In his senior year Leri worked on research projects for two more Penn State Altoona professors: Cairsty DePasquale and Lara LaDage, both assistant professors of biology. DePasquale’s research fits well with Leri’s interest in why people behave the way they do. “Anecdotal evidence shows exercise can reduce anxiety and depression,” DePasquale says, noting “human studies where exercise regimes can reduce anxiety. Similar results occur with animal models.” To study the effects of exercise on zebrafish, DePasquale had Leri use a swim tunnel built by engineers on campus.
This brings questions, such as how does one exercise a fish? “[The swim tunnel] uses channels. We vary the flow of water in the channels and get fish to swim against the flow of water,” DePasquale explains. So how does one test for anxiety in fish? “It’s very similar to tests on rodents but we have to adapt to an aquatic environment. We put them in a novel tank with nothing else and the fish will stay at the bottom of the tank. As they begin to explore the tank more, they are more willing to move out of their comfort zone. Fish who move up are less anxious fish. Another test was the light/dark test; fish tend to shy away from bright lights as do rodents. We use that avoidance to look at anxiety behavior.”
How did Leri like working with the zebrafish? “Working with animals is a pain in the butt,” he says, injecting a little humor into what is serious research. “With humans you can at least give them instructions. Getting them to read the instructions is the hard part.”
LaDage says, “John joined my and Cairsty’s lab at the same time, which speaks to his interest in, and dedication to, pursuing research opportunities. In my lab he was instrumental in collecting data and writing up a manuscript concerning the assessment of substructural changes in the brain.” Even though Leri graduated in August 2016 he continued the research work while considering continuing his education in graduate school.
In January 2017 “John presented his research at the Society for Integrative and Comparative Biology meeting in New Orleans,” LaDage says. Leri describes their research as follows: “The lizard hippocampal equivalent, the medial cortex, is used to study environmental impact on neural tissue and spatial memory. Although the cortex is comprised of three substrates, each with differentiating traits in cellular architecture, studies typically use overall volume as an outcome variable. Our research showed that overall volume may not accurately represent changes taking place within cortical substrates.”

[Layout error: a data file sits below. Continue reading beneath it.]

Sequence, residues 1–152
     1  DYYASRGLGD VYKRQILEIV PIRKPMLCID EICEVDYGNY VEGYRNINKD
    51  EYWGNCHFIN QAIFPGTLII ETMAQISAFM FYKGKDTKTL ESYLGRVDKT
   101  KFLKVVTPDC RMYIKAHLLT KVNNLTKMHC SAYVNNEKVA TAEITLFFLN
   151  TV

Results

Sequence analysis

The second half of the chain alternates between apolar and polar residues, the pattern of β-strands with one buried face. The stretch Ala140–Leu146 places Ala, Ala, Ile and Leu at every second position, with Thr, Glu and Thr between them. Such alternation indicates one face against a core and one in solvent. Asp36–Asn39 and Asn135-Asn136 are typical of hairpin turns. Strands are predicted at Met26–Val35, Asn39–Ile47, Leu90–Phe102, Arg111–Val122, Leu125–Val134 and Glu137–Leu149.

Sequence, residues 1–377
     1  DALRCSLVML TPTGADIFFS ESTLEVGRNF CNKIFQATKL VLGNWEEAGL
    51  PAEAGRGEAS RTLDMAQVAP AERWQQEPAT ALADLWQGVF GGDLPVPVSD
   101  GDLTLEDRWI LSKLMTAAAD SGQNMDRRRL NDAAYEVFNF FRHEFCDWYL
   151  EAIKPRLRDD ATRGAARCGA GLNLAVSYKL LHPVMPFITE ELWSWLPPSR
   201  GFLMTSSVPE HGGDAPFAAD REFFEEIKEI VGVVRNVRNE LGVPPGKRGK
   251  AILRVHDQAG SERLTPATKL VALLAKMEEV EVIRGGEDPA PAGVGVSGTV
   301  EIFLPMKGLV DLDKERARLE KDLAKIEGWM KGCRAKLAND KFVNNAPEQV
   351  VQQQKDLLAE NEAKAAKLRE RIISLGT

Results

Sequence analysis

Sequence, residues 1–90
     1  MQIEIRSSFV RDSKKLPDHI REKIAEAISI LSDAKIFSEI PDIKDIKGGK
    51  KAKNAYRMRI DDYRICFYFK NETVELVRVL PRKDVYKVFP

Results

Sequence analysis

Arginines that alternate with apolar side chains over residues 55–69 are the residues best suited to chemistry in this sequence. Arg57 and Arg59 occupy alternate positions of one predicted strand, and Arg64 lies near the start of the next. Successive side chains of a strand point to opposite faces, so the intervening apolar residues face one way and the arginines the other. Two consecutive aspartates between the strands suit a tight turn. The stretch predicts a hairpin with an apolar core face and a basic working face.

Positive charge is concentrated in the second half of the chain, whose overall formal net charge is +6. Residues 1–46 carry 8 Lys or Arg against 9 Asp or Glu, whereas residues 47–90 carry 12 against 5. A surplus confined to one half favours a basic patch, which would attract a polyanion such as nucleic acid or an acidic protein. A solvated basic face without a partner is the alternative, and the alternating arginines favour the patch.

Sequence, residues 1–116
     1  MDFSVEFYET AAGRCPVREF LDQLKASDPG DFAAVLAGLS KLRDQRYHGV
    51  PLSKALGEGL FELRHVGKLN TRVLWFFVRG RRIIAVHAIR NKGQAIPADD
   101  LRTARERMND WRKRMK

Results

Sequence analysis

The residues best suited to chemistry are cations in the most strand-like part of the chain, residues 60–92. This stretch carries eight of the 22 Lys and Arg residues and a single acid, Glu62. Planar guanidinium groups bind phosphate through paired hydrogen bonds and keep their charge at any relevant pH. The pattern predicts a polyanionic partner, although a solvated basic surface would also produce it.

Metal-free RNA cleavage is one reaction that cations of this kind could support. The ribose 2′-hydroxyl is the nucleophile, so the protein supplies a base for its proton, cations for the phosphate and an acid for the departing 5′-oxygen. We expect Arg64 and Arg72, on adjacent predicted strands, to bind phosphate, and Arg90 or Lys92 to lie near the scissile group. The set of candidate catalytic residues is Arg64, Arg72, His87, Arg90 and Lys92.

Leri plans to attend the Eastern Psychological Association conference in Boston in March and will present a poster based on his honors thesis and his work with Tornello. “It discusses the predictive role of negative attitudes associated with depression and willingness to interact with an individual diagnosed with depression,” he explains.
Nagle echoes his other professors when she says, “John is one of those stellar students, who you wish you could replicate. He’s cordial, respectful and has an incredible work ethic. He has a great sense of humor and is very interesting to talk with. He has such a wide range of experiences, I think anyone could find something in common with him and once you get him talking, he just lights up. I can’t wait to see where John goes to grad school and how accomplished he will become.”
Leri has now chosen his path. Beginning in the fall of 2017 he will attend “the University of Florida to work under Dr. Darlene Kertes,” he says. Once again, he’ll be tackling more than one subject. “I have been admitted into the behavioral and cognitive neuroscience (psychology) program.” Based on his history of taking on more than one project at a time at Penn State Altoona, it’s no surprise that he’s “planning to pursue a dual PhD in behavior and cognitive neuroscience and social psychology.” A long way from that freshman business major but, for John Leri, definitely the right path.
—Therese Boyd, ’79